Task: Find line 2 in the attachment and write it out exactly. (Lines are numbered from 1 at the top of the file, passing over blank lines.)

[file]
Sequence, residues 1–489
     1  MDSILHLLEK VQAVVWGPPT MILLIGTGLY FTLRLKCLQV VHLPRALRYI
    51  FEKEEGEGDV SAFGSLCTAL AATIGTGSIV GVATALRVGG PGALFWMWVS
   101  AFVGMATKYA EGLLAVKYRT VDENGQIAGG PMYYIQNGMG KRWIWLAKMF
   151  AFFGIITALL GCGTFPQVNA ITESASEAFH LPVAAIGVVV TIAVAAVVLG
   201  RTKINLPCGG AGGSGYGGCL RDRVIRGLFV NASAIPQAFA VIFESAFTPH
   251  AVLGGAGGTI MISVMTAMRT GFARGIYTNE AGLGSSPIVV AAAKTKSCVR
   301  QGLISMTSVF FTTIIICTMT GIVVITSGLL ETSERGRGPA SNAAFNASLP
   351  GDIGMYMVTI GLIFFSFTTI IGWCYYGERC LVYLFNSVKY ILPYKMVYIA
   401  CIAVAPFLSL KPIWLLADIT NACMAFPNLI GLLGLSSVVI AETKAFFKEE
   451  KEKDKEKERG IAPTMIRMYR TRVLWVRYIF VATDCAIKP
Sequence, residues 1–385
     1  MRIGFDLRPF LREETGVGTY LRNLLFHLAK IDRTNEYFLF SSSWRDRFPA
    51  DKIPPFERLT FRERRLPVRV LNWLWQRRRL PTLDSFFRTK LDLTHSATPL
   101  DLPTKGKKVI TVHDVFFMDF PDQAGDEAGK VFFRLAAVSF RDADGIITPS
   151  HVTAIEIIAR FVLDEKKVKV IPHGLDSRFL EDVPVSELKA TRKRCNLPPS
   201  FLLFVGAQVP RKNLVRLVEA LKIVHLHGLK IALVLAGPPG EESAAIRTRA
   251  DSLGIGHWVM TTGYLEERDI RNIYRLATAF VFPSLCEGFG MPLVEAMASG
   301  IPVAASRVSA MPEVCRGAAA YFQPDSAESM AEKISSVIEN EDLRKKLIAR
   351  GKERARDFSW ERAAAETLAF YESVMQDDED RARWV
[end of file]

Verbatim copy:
     1  MDSILHLLEK VQAVVWGPPT MILLIGTGLY FTLRLKCLQV VHLPRALRYI